Repeal would, moreover, raise the question of what would replace the ACA. The Congressional Budget Office estimated that enacting the 2015 reconciliation legislation would increase the number of uninsured Americans by 22 million. The legislation would have delayed the end of the premium tax credits until 2018 to allow time for replacement legislation, which was not part of the bill.

    Donald Trump has advocated tax deductions and tax subsidies for health savings accounts (HSAs) to make health insurance more affordable for those who lack it. These provisions may help some wealthier individuals, but would do little or nothing for the millions of people now receiving tax credits for coverage through the ACA, who often pay little in taxes and receive little benefit from deductions and have little to save in HSAs. Other Republican plans offer fixed dollar tax credits to purchase insurance, which would be of more value to low-income Americans, but would likely fall far short of the cost of coverage now covered by the ACA.

    A Republican replacement plan could not be implemented overnight, however. Regulations would have to be written and published for comment and mechanisms set up to handle the deductions or credits, particularly if they were provided in advance, as they would have to be. Even a two year delay might not be enough to get a program in place, much less to educate the public as to how it operated.

    What President Trump Could Do On His Own To Undermine The ACA

    Although Donald Trump cannot unilaterally repeal and replace the ACA, he can do a great deal to interfere with its implementation. As has been exhaustively chronicled on this blog, the ACA has been implemented by hundreds of pages of regulations and thousands of pages of guidance. Regulations cannot legally be changed without an opportunity for notice and comment and some explanation as to why a change is necessary. Guidance is easier to change.

    Indeed, a Trump administration could do a great deal of damage to the ACA without even changing regulations or guidance. If a Trump administration simply stopped implementing or enforcing certain regulatory requirements, there might be little that could be done about it. Just a change in leadership in the agencies implementing the ACA will cause months of disruption, and appointment of leadership committed to destroying rather than implementing the ACA will likely cause a mass exodus of lower level employees, causing an implementation vacuum.

    The Obama administration is currently engaged in an aggressive campaign to enroll individuals for the 2017 open enrollment period. A Trump administration could abandon this effort, as well as efforts to work with insurers to ensure continued ACA participation or with consumers to resolve enrollment issues. The 2015 reconciliation legislation would have required marketplace enrollees who underestimated their income to pay back all excess tax credits, regardless of the financial hardship this would cause. This might create a significant deterrence to enrollment. The repeal of the individual mandate would also discourage participation.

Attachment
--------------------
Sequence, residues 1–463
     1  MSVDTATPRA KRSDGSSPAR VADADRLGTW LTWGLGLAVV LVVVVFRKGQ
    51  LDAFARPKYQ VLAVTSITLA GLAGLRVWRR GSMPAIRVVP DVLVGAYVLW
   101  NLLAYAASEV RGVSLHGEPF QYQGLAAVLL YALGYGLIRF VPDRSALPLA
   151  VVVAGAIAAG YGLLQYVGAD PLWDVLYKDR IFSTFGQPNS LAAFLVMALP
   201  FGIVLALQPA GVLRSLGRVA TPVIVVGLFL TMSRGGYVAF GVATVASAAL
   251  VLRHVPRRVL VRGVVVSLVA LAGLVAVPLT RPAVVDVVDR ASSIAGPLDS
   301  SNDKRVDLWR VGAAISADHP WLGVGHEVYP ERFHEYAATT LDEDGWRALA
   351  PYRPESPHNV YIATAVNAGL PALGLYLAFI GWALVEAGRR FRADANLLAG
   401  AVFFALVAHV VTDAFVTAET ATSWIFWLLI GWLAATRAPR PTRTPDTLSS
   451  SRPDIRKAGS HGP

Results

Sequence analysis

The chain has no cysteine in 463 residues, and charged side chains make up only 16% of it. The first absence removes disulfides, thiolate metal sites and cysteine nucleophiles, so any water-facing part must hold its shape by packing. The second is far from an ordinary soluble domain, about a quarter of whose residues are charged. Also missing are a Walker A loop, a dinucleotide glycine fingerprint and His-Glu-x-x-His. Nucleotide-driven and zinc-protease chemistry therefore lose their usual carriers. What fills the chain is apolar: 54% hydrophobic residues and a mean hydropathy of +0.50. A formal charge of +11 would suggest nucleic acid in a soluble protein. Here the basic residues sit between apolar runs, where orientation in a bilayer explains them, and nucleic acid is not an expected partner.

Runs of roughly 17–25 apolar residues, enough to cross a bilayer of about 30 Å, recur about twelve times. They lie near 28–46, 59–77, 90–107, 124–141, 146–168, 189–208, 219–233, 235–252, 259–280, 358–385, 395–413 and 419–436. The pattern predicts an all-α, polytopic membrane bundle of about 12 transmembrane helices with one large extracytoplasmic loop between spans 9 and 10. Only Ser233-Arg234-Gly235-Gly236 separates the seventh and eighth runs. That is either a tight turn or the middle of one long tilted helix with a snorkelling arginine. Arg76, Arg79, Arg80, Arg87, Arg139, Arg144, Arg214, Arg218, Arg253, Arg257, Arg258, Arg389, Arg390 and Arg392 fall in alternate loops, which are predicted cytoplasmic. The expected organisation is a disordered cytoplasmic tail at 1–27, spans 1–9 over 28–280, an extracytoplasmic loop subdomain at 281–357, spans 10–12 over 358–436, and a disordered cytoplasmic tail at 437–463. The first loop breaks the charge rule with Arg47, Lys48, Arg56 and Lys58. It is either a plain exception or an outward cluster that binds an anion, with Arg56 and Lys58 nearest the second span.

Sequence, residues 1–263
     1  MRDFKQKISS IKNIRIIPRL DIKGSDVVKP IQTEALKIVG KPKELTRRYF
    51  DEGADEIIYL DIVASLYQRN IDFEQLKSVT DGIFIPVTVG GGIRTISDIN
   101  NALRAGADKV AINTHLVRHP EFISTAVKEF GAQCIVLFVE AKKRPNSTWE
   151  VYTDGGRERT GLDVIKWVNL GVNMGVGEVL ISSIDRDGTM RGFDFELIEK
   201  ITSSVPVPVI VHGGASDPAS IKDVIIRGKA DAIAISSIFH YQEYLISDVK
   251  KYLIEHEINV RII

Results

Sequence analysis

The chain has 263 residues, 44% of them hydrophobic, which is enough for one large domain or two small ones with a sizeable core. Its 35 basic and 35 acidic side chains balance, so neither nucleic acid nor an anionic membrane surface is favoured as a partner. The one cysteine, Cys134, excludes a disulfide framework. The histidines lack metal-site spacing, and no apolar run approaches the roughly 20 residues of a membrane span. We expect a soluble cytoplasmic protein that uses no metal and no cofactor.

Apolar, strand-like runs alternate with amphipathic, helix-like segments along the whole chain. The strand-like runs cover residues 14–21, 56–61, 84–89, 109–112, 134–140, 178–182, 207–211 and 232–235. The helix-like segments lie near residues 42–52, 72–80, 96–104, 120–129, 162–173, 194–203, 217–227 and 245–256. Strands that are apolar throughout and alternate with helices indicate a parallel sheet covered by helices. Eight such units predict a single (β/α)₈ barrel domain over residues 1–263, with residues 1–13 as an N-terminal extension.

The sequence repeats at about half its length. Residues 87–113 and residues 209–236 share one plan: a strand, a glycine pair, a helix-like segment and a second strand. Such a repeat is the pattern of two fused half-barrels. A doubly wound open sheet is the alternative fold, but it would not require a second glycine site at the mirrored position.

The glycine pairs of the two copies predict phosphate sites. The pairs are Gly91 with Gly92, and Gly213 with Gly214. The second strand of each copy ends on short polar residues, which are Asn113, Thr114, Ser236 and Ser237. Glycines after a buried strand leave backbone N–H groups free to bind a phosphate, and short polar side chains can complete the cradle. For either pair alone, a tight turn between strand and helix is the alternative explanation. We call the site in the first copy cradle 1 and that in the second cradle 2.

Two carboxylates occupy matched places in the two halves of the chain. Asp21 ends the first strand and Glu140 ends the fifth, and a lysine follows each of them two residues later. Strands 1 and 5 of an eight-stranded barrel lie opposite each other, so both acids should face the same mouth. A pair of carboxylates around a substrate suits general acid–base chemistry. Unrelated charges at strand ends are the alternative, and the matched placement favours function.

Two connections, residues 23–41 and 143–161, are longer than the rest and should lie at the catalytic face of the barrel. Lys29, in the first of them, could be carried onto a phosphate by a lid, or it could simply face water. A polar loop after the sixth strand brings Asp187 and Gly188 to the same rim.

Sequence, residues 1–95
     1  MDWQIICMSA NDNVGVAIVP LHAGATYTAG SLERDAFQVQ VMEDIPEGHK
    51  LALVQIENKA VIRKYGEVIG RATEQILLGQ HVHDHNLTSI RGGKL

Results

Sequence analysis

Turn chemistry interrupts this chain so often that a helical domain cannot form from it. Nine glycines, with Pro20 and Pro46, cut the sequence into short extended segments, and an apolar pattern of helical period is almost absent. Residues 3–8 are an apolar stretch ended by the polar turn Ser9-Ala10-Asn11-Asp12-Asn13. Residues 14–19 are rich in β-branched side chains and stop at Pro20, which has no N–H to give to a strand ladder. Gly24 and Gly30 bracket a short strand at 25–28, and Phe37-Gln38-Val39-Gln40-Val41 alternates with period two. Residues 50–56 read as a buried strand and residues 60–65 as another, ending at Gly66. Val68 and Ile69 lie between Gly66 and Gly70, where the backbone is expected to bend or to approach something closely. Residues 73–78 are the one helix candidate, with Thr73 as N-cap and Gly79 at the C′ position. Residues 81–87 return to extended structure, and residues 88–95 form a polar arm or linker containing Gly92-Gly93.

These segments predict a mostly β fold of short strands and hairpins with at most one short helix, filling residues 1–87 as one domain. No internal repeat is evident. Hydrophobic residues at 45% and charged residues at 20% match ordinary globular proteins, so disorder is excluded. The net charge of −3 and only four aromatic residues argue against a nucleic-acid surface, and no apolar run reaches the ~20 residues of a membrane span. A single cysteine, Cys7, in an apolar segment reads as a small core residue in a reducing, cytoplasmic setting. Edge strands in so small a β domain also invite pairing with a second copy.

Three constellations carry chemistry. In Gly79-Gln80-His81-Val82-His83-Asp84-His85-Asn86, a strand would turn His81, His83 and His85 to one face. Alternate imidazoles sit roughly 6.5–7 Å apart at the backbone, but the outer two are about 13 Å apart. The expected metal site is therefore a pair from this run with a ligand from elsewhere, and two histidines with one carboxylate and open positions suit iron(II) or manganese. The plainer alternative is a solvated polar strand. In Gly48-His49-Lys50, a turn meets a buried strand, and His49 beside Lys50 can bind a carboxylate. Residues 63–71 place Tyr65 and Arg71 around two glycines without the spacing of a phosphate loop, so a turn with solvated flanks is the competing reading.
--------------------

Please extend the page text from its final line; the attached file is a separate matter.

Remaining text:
A number of insurers have lost money in the marketplaces. Some have withdrawn and others have stuck with the program in hopes it would turn around. Without an administration committed to the program, more will almost certainly withdraw, potentially leaving parts of the country where no marketplace plans are available. Others might raise their rates in the face of the uncertainty caused by the transition, making coverage even less affordable to individuals without premium tax credits.

    A Trump administration is likely to work with conservative states to loosen remaining ACA requirements. Under section 1332 states can be granted “innovation” waivers from many ACA requirements if they can provide similar coverage under their own proposals. The Obama administration has interpreted the requirements of this provision quite conservatively, but Trump could give out the waivers much more loosely to allow states to opt out of the ACA. Trump has also proposed block-granting Medicaid, a proposal that would shift much of the burden of Medicaid financing to the states. Republicans believe that the flexibility afforded by block grants could allow states to innovate and run Medicaid more cost-effectively, but millions of Americans could lose Medicaid coverage if the block grants do not keep pace with costs.

    The CHIP program also comes up for reauthorization in 2017, and Trump opposition could end CHIP as well, potentially leaving millions of children without coverage.

    The Obama administration is currently involved in a number of lawsuits involving the ACA. A Trump administration might simply cease defending these lawsuits, effectively allowing the plaintiffs to triumph. If the government withdrew its appeal in House v. Burwell, for example, reimbursement to insurers for cost-sharing reduction payments could cease. Indeed, the administration could simply stop paying cost-sharing reduction payments, although this would probably take a rule change. Ending cost-sharing reduction payments would dramatically increase the cost of marketplace participation by insurers and likely lead to many insurers exiting the program. It is possible that beneficiaries or insurers could sue to reinstate the payments, but that would take time, and would likely not happen quickly enough to save the program.